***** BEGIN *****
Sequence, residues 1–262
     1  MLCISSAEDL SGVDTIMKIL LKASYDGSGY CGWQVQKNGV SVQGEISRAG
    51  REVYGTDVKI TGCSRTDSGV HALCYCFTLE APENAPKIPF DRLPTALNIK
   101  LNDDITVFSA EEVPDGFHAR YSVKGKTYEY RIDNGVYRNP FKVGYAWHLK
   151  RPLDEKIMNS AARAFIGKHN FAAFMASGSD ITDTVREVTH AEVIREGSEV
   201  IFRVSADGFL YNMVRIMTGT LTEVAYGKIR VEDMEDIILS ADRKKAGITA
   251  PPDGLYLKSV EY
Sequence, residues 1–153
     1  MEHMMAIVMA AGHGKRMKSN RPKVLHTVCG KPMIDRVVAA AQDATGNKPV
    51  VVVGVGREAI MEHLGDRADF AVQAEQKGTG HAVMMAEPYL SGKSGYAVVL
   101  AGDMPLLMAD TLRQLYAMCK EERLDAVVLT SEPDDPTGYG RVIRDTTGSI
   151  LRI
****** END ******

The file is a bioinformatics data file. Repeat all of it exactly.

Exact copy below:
Sequence, residues 1–262
     1  MLCISSAEDL SGVDTIMKIL LKASYDGSGY CGWQVQKNGV SVQGEISRAG
    51  REVYGTDVKI TGCSRTDSGV HALCYCFTLE APENAPKIPF DRLPTALNIK
   101  LNDDITVFSA EEVPDGFHAR YSVKGKTYEY RIDNGVYRNP FKVGYAWHLK
   151  RPLDEKIMNS AARAFIGKHN FAAFMASGSD ITDTVREVTH AEVIREGSEV
   201  IFRVSADGFL YNMVRIMTGT LTEVAYGKIR VEDMEDIILS ADRKKAGITA
   251  PPDGLYLKSV EY
Sequence, residues 1–153
     1  MEHMMAIVMA AGHGKRMKSN RPKVLHTVCG KPMIDRVVAA AQDATGNKPV
    51  VVVGVGREAI MEHLGDRADF AVQAEQKGTG HAVMMAEPYL SGKSGYAVVL
   101  AGDMPLLMAD TLRQLYAMCK EERLDAVVLT SEPDDPTGYG RVIRDTTGSI
   151  LRI